New York Times bestseller Cory Doctorow’s Red Team Blues is a grabby next-Tuesday thriller about cryptocurrency shenanigans that will awaken you to how the world really works.
Martin Hench is 67 years old, single, and successful in a career stretching back to the beginnings of Silicon Valley. He lives and roams California in a very comfortable fully-furnished touring bus, The Unsalted Hash, that he bought years ago from a fading rock star. He knows his way around good food and fine drink. He likes intelligent women, and they like him back often enough.
Martin is a—contain your excitement—self-employed forensic accountant, a veteran of the long guerilla war between people who want to hide money, and people who want to find it. He knows computer hardware and software alike, including the ins and outs of high-end databases and the kinds of spreadsheets that are designed to conceal rather than reveal. He’s as comfortable with social media as people a quarter his age, and he’s a world-level expert on the kind of international money-laundering and shell-company chicanery used by Fortune 500 companies, mid-divorce billionaires, and international drug gangs alike. He also knows the Valley like the back of his hand, all the secret histories of charismatic company founders and Sand Hill Road VCs. Because he was there at all the beginnings. He’s not famous, except to the people who matter. He’s made some pretty powerful people happy in his time, and he’s been paid pretty well. It’s been a good life.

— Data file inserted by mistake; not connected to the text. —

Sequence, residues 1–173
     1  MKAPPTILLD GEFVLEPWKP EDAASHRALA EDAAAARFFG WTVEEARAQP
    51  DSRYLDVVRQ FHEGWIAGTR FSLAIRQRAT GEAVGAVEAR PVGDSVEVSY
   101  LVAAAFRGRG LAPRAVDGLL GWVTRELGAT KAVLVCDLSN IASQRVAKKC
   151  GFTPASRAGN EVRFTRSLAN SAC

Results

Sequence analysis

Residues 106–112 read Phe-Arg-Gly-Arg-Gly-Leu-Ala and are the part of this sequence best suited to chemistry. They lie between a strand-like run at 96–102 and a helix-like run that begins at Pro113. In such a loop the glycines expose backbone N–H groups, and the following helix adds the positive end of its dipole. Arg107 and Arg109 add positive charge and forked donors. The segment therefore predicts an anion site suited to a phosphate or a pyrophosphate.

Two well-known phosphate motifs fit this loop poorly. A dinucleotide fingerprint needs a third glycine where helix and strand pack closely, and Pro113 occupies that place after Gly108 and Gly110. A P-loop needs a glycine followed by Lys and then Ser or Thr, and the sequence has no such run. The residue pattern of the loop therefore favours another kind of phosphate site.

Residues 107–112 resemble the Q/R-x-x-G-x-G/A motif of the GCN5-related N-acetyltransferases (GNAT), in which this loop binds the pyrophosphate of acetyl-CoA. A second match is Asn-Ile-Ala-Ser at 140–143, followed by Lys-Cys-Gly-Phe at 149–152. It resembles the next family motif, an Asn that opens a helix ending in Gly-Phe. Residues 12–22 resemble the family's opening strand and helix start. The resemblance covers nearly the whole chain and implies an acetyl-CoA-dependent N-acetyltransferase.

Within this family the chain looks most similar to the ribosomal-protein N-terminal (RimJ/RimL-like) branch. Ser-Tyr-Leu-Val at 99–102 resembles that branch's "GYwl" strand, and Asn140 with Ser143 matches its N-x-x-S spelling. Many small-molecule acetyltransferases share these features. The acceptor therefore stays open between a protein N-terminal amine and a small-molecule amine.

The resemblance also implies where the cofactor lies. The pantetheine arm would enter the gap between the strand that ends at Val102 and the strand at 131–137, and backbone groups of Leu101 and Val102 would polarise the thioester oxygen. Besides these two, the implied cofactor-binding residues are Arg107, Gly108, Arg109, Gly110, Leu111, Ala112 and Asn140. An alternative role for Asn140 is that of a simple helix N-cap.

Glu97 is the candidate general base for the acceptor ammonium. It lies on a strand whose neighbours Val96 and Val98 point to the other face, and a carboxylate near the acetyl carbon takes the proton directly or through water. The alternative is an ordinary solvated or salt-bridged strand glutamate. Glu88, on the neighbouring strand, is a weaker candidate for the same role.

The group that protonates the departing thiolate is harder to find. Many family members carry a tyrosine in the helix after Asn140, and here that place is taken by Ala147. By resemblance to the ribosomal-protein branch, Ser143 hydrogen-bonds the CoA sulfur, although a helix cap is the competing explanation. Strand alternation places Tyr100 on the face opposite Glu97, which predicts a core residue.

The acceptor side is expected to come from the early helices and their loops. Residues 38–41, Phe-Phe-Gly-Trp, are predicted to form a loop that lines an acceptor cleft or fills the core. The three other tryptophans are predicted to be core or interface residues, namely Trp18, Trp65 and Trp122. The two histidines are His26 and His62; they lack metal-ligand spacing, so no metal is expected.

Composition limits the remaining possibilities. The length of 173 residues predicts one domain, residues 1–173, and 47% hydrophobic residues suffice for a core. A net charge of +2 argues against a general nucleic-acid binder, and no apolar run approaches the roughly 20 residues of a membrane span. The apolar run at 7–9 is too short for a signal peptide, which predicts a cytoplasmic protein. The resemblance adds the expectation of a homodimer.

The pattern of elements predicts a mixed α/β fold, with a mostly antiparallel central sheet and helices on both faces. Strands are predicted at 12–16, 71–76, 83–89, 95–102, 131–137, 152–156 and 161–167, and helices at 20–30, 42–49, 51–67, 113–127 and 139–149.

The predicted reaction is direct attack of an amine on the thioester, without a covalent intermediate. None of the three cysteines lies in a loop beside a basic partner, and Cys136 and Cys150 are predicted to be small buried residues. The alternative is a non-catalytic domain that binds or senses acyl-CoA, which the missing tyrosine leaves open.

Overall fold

Now he’s been roped into a job that’s more dangerous than anything he’s ever agreed to before—and it will take every ounce of his skill to get out alive.
Please enjoy this free excerpt of Red Team Blues by Cory Doctorow, on sale 4/25/23.
Sit in the same Walmart parking lot long enough and eventually every RV bum you’ve ever known will show up. The Sectoral Balance, Raza’s tour bus, was one spot away from the Unsalted Hash, freshly detailed and proudly emblazoned with its name and a stylized Kasey the Kangaroo logo.
Raza had cranked out her pop-outs and unfolded her back deck, thus neatly skirting Walmart’s prohibition on setting up lounge furniture and a grill. She was slow-cooking something meaty and fragrant, augmented by applewood chips that were puffing away like a roomful of teenage vapers.
I parked my Leaf and plugged it into the charger, then walked back to the RV parking. She saw me coming and poured me a bourbon. She liked the artificial stuff, which was all right by me. The number of organic chemists that were replicating wood extracts and blending them with pure grain alcohol had shot up over the past couple of years, and competition was fierce to produce the most surprising and smooth varietals.